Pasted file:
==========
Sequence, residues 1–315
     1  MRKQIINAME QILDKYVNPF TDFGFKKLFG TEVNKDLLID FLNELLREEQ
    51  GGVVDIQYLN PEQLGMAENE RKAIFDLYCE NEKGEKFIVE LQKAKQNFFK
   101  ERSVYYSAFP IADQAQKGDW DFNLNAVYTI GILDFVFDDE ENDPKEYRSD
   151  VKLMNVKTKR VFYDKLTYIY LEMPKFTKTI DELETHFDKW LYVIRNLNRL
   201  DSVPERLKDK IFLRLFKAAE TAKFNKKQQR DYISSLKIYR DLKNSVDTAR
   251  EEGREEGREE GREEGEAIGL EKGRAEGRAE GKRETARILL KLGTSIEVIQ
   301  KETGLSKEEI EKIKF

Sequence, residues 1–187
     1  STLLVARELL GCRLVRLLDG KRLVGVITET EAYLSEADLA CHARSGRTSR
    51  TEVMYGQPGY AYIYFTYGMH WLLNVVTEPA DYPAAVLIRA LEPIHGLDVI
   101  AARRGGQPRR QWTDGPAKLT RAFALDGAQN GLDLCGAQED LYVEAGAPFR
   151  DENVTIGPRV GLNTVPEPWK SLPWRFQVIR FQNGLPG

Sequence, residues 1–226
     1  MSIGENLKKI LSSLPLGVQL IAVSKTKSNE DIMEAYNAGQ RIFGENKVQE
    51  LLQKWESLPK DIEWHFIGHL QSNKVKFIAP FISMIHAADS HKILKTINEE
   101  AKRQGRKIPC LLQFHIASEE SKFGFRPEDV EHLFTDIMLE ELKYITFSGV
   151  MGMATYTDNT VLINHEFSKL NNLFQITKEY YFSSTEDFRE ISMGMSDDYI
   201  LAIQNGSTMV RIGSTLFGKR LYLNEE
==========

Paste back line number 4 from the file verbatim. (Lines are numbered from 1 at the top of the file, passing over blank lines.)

   101  ERSVYYSAFP IADQAQKGDW DFNLNAVYTI GILDFVFDDE ENDPKEYRSD